Recently, a woman and her co-defendant from St. Joseph, Michigan were charged with first-degree murder and thought that they had the perfect plan in place.
Kemia Hassel and her co-defendant, Jeremy Cullar, are alleged to have conspired to kill Kemia’s husband so that she could collect money from his life insurance policy. Money that she wouldn’t receive if they got a divorce. Sounds familiar, right? The two are alleged to have communicated their plans over the popular social media application, Snapchat.
Now if you aren’t familiar with Snapchat, it’s a very popular mobile messaging application that allows users to share photos, text, and video messages with one another. However, content sent using the app isn’t stored on the phone like text or multimedia messages are. Snapchat displays the content for the user to view and then, once viewed, it suddenly “disappears.” The app deletes the content unless it’s saved by the user or captured by a screenshot of the communication.
It’s not currently public what Snapchat data has been recovered from either the vendor or the cell phones during the investigation, but based on our experience, it wouldn’t be surprising if the users took screenshots or saved the Snaps of their nefarious plans. After all, how would they remember all of the minute details of their plan, if the plan self-destructed after viewing it only once?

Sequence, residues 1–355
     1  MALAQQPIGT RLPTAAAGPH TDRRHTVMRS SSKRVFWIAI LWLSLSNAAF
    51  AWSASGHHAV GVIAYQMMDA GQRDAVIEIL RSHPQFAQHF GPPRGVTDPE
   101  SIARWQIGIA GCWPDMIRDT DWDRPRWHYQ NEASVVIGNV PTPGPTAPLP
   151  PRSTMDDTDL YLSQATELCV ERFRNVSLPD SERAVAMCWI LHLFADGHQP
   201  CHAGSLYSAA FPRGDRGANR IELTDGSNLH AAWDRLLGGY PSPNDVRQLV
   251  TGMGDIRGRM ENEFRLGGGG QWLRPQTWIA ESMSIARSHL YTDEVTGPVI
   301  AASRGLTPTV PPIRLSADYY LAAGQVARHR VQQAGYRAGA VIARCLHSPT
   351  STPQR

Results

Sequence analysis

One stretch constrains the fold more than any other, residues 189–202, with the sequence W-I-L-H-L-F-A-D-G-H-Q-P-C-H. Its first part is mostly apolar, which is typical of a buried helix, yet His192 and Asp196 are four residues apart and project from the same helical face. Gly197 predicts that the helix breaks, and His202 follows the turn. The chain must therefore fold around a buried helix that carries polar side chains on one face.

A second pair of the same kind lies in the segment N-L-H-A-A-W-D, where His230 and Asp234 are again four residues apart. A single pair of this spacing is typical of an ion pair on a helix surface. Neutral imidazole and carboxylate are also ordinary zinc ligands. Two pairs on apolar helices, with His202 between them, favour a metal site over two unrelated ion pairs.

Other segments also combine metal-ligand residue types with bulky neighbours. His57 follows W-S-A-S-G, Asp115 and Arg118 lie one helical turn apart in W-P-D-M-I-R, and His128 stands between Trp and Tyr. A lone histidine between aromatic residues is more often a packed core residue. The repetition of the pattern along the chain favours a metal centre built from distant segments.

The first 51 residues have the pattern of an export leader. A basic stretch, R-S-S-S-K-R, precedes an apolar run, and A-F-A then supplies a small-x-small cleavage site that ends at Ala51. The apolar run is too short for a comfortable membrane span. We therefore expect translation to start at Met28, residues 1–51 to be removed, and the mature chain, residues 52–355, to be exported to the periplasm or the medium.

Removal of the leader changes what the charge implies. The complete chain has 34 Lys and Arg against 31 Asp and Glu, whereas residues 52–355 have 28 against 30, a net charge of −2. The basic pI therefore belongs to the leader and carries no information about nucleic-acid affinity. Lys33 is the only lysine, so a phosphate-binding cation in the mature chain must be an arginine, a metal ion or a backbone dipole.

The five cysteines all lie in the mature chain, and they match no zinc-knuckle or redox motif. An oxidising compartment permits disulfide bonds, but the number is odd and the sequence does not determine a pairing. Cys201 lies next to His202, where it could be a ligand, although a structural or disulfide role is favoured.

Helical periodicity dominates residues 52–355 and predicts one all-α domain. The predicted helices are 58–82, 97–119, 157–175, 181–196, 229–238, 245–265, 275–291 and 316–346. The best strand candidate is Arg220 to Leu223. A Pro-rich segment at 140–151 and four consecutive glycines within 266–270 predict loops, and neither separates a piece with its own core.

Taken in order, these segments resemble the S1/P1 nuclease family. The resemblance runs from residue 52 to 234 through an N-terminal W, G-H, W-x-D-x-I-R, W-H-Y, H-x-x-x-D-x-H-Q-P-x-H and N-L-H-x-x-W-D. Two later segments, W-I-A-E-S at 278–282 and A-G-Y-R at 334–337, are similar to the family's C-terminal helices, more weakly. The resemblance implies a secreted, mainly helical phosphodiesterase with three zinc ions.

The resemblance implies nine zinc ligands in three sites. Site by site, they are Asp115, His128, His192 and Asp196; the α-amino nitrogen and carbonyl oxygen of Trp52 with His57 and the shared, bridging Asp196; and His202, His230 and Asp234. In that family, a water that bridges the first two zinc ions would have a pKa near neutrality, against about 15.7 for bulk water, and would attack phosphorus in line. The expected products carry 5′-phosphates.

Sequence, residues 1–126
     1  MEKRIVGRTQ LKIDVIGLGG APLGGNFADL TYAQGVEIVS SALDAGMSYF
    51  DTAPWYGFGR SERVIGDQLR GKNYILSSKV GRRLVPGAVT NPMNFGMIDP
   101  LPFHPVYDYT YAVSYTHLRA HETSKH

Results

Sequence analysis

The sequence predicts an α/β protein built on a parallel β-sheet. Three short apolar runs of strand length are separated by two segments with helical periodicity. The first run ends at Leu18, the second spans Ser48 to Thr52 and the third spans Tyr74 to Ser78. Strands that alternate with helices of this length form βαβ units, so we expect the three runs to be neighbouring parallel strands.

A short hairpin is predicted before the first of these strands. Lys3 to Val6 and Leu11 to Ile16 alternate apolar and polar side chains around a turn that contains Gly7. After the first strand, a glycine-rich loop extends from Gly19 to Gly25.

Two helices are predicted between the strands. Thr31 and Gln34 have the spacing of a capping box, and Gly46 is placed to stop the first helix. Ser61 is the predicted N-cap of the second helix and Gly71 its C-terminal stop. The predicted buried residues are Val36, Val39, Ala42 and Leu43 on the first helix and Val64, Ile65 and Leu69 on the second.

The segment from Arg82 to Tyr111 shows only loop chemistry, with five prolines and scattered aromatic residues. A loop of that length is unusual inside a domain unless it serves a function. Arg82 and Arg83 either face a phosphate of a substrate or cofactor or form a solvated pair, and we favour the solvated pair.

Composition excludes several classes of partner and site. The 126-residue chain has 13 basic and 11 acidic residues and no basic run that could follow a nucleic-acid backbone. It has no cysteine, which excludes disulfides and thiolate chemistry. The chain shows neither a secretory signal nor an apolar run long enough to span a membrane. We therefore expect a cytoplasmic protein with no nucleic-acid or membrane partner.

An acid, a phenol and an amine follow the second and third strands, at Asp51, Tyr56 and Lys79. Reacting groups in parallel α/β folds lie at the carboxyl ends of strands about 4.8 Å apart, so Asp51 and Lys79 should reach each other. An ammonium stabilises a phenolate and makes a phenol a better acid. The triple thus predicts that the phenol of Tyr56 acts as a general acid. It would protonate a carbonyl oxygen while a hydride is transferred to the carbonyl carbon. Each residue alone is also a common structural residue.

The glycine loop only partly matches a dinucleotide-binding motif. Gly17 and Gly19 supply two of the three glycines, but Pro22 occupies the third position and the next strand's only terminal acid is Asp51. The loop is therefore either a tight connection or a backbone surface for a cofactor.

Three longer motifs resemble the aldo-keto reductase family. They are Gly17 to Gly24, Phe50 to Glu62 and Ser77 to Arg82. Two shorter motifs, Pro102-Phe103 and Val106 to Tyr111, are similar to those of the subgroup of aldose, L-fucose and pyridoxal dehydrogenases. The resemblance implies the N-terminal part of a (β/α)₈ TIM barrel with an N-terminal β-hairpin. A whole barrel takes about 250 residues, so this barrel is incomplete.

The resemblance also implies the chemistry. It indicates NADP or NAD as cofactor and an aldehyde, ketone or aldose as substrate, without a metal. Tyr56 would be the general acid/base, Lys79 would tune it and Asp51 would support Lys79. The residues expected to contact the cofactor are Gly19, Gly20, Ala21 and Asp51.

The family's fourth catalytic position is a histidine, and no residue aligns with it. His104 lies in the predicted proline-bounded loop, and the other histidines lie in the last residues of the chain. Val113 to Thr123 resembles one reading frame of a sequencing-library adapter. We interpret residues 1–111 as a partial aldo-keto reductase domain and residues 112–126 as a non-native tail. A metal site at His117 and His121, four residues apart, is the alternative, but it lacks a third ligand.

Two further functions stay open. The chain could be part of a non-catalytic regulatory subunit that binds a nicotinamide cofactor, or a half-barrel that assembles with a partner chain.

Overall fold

The two have pleaded not guilty to the charges, but it’s reported that Ms. Hassel signed a statement that she spent months plotting to kill her husband. Ultimately, the data that can be pulled from the Snapchat app in a digital forensics investigation varies, and recoverability depends on such factors as the make and model of the phone and whether or not a user chooses to save the communication.
Be on the lookout for more information about this trial as it’s slated to begin towards the end of April.
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Digital Forensics/Cybersecurity/Information Technology